Supernal has entered into its first vehicle partnership, with the company Electric Power Systems, for eVTOL battery development. (Photo: Supernal)
Hyundai Motor Group’s Supernal, an advanced air mobility company based in the U.S., recently announced its first vehicle partnership. Supernal and Electric Power Systems have agreed to work together in developing and producing lightweight batteries for electric vertical take-off and landing (eVTOL) aircraft.
The partnership, which was made official at the Farnborough International Airshow last week, was also formed to enable the introduction of commercial eVTOL flights. Supernal and EP Systems aim to support further enhancements of aircraft performance for the advanced air mobility (AAM) market.
Jaiwon Shin, Supernal CEO and President of Hyundai Motor Group, commented on the new partnership with EPS, stating that the AAM industry “requires an expansive value chain and many aspects—from battery power to digital infrastructure and passenger experience—require improvements and cross-chain integration to enable progress.”
In addition to collaborating with partners in support of AAM value chain creation, Supernal has developed an eVTOL aircraft concept, which was on display at the Farnborough International Airshow.
Supernal displayed its eVTOL aircraft concept at the Farnborough International Airshow. (Photo: Supernal)
Supernal aims to achieve certification for commercial operations of its eVTOL by 2028. The eVTOL concept designed by Supernal’s team offers five seats and prioritizes a low vehicle weight along with overall safety and a comfortable interior.
Supernal’s new partner, EP Systems, develops electric propulsion systems for a variety of industries including aerospace, defense, automotive, and marine. NASA, the Federal Aviation Administration, Boeing, Bell Textron, Embraer, Safran, and Aura Aero are some of EP Systems’ current customers. EP Systems was also recently selected to develop and manufacture the battery system for SkyDrive’s SD-05 air taxi.
EPiC Power is one of the solutions available from EP Systems—a 180Wh/kg lithium-ion battery system designed for eVTOL and hybrid aircraft. Another solution is the EPiC Energy system, with an energy density of 205Wh/kg. That system is tailored for use in all-electric aircraft, including eVTOLs.
Through its partnership with Supernal, EP Systems aims to support technological advancements that enable broad adoption of eVTOL aircraft, according to the company’s Chief Technology Officer, Michael Armstrong. “The requirements for the battery system of an eVTOL vary based on the design of the vehicle,” he said during an interview with Avionics International. “For some vehicles, the power requirements are very high because of the way they’ve designed the vehicle, while others may be a bit lower.”
The approach that EP Systems uses is developing a solution that meets the requirements of as many platforms as possible, Armstrong explained. “They all need cycle life, and they also all need energy density. The longer a battery can stay on the aircraft—the maximum number of flights it can perform—is extremely important.”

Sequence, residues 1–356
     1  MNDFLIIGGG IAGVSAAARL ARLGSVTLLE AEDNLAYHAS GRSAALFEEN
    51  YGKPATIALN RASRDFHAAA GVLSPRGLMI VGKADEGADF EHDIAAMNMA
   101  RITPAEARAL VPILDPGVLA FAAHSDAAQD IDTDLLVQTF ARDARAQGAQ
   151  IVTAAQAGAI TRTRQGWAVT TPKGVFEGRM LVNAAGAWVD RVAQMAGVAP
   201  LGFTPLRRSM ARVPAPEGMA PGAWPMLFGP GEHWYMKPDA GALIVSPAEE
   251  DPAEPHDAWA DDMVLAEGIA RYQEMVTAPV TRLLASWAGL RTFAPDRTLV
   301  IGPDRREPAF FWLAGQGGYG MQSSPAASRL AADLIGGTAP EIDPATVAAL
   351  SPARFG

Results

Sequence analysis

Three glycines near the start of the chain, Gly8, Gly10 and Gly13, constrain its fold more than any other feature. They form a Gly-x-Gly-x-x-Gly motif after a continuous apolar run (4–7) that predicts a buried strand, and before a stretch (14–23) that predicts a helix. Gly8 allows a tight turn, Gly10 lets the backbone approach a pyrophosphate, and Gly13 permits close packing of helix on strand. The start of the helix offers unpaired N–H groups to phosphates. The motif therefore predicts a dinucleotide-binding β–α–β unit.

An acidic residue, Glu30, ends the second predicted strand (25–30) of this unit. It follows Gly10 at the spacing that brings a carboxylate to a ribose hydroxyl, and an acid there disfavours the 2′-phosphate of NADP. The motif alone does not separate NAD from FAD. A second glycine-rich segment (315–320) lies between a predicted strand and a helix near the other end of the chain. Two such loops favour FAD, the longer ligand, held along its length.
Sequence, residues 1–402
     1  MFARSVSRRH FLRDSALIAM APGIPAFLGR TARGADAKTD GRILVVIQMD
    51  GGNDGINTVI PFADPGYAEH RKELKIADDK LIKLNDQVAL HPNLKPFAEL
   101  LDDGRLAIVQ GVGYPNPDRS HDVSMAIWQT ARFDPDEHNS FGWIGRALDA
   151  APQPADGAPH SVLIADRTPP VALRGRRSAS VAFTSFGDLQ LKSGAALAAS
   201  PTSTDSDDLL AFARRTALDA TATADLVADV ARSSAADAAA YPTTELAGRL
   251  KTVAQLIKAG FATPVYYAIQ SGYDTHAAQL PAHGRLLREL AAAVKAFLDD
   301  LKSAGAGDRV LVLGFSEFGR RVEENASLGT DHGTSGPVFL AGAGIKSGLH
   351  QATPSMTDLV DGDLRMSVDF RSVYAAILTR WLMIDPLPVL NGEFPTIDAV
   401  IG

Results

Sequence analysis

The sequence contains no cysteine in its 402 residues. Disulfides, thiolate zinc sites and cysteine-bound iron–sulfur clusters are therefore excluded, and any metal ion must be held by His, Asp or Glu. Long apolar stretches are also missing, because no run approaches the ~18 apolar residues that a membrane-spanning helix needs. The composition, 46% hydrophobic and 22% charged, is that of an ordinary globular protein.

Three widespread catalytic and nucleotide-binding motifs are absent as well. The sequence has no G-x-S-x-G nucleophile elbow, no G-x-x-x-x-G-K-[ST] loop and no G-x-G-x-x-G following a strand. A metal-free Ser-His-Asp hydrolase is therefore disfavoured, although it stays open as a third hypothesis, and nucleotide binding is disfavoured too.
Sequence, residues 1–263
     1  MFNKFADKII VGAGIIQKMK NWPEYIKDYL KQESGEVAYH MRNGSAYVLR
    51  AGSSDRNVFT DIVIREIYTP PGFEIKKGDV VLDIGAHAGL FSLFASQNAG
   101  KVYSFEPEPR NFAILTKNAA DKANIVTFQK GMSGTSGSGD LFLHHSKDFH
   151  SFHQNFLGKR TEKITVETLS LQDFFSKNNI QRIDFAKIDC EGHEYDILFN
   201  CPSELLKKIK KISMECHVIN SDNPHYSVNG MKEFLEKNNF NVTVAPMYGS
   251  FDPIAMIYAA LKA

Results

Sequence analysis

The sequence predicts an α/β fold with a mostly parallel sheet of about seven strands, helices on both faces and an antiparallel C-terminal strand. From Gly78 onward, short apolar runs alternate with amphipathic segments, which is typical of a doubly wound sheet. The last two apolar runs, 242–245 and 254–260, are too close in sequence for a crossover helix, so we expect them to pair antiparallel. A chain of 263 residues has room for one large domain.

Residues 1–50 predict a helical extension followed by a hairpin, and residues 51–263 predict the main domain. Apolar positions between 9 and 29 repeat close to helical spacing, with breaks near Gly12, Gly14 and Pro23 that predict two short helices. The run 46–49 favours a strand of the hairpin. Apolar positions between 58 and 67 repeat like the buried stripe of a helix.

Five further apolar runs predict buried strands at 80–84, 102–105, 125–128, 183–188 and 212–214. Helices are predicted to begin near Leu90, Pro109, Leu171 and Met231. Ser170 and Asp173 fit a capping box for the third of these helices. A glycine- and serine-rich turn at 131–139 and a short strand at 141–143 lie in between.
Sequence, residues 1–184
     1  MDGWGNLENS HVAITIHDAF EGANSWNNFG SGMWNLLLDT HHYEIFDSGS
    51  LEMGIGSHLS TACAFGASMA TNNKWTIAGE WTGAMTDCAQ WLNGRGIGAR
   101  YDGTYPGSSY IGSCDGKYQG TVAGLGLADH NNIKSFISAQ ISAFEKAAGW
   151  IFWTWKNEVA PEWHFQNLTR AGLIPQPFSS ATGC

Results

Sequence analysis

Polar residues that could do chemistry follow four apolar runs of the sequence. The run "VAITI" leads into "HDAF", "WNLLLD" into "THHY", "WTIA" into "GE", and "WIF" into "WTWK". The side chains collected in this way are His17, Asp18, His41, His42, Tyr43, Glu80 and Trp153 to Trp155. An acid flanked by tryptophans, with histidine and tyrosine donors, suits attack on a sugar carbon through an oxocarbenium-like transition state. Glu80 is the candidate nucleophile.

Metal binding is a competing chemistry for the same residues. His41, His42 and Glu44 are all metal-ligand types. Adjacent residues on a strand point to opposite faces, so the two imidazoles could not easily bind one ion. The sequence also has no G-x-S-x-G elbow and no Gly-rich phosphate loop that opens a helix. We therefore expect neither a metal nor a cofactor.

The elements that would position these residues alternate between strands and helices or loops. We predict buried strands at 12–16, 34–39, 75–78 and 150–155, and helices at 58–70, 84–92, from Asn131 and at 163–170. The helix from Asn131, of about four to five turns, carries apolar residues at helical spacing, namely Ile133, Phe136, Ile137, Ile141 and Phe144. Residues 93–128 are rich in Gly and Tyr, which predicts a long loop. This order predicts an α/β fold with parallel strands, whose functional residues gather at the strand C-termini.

Increased cycle life and high energy density are two important factors for designing batteries to power eVTOL aircraft. (Photo: Supernal)
Now that eVTOL developers have demonstrated the viability of the concept, and proven that these kinds of aircraft can fly, the focus has shifted to economics and lowering the cost of ownership. One of the most effective ways to accomplish this is extending the cycle life of the batteries.
The other objective is improving energy density in batteries for eVTOL aircraft. The team at EP Systems expects that the energy density of their batteries will improve rapidly. “We’re looking at transitioning to cells within the next few years that get up to 350Wh/kg, which brings module energy density up to the mid- to upper-200s range at the fully packaged level,” Armstrong said.
“Some eVTOLs really unlock their potential when we get to 400+ watt-hours per kilogram at the cell level. We’re still a few years away from that, but we’re making steady progress towards it.”
Once commercial eVTOL operations begin, it will be vital to charge the aircraft quickly while maintaining or increasing cycle life. EP Systems is “developing technologies to unlock fast charging potential, and at the same time not lose cycle life,” Armstrong noted. “Our batteries can be charged for turnaround times of about 20–30 minutes, from a long-range mission perspective.”
He also mentioned another solution developed by EP Systems that will benefit eVTOL operations: a mobile microgrid truck. This vehicle will enable charging of electric aircraft at airports. It’s an ideal solution for airports that are not able to establish in-ground charging infrastructure immediately. Instead of setting up a permanent charging station, the microgrid truck will be able to move to where the aircraft is. It could enable eVTOL operators to quickly adopt the technology regardless of infrastructure-related constraints.
EP Systems also had their mobile microgrid truck on display at this week’s EAA AirVenture Oshkosh airshow in Wisconsin.
“The mobile microgrid acts as a corollary to the fuel truck. It provides energy at the point of charge,” Armstrong explained. Setting up in-ground infrastructure can be both difficult and expensive. The batteries integrated onto the truck could be charged at or outside the airport as needed. This concept was developed to leverage use of batteries that can no longer be used on the aircraft itself. The mobile microgrid lowers energy costs and maximizes the value of older batteries that are still functioning.